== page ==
DeSantis Signs New Laws to Fight Fentanyl Epidemic, Punish Dealers

Governor Ron DeSantis signed two bills on Monday to tackle the opioid crisis in Florida. At a press conference, DeSantis slammed the Biden administration for their failure to secure the southern border, leading to a rise in fentanyl trafficking. The new measures signed by the Governor include heightened criminal penalties for exposing first responders to fentanyl and a designated day of awareness to warn of the dangers of opioid overdose.

“Because of the Biden administration’s unwillingness to secure the southern border, law enforcement officers are encountering fentanyl at alarming rates,” DeSantis told reporters on Monday. “I’m signing legislation today to keep officers safe on the job and to further combat the opioid epidemic.” DeSantis signed Senate Bill 718 and Senate Bill 66 during a ceremony at the Seminole County SSheriff’sOffice in Sanford.

SB 718 makes it easier to prosecute fentanyl traffickers who put first responders in harm’s way by exposing them to the deadly drug. Under the new law, offenders who cause an overdose or serious bodily harm to a first responder can now be prosecuted for a second-degree felony. The law also expands protections for individuals who seek medical advice on behalf of someone they believe is experiencing an overdose.

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“This bill, [SB 718], provides that any adult who, through unlawful possession of dangerous fentanyl or analogs, exposes any first responder to that fentanyl that results in overdose or serious bodily injury – that we’re going to prosecute you as a second-degree felon for doing that,” DeSantis said Monday.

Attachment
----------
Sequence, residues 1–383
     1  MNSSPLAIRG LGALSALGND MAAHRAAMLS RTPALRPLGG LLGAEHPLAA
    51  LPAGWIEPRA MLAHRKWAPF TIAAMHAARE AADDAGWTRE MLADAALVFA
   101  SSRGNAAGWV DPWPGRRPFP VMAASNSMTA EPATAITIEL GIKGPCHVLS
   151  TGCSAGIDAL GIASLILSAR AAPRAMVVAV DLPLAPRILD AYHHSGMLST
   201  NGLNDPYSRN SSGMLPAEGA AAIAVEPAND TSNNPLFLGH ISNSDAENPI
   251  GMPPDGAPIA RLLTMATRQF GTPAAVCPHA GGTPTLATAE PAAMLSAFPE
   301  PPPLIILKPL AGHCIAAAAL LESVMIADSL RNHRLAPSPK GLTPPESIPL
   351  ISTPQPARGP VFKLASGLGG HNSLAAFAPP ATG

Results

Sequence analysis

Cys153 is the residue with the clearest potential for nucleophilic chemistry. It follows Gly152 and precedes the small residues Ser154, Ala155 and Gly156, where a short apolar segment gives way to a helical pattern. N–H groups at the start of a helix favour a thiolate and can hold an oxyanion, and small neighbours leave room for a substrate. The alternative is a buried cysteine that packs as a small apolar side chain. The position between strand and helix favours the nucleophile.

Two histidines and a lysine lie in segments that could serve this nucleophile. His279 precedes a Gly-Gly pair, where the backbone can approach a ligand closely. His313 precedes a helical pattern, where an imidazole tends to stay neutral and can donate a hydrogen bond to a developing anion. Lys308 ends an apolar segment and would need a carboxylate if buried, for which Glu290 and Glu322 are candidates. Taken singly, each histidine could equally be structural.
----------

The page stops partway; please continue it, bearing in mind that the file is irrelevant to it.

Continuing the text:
“So if an officer says, ‘Do you have drugs in your possession?’ and you lie and then the officer ends up getting exposed and harmed, we’re going to throw the book at you and we’re going to hold you accountable,” the Governor added. “We want to make sure that the people who wear the uniform are protected.”

Senate Bill 66 will also establish June 6 as a statewide day of awareness for the dangers of opioid overdose. Under the direction of the Florida Health Department, the ”Revive Awareness Day”will also educate residents on life-saving products like naloxone to counteract overdoses. The legislation, known as “Victoria’sLaw,” is named for Victoria Siegel, an 18-year-old who died of an accidental overdose in 2015.

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The new measures build on existing efforts in Florida to combat the fentanyl epidemic, such as the Coordinated Opioid Response (CORE) network, which was recently expanded to offer 24-hour coverage in 17 counties. According to a February report from state Attorney General Ashley Moody, overdose rates have begun to slowly decline, with a 9 percent decrease reported from September 2022 to September 2023.

“When you’re putting fentanyl in our communities, you are killing people, “DeSantis said Monday. “and you need to be treated like the murderer that you are.”

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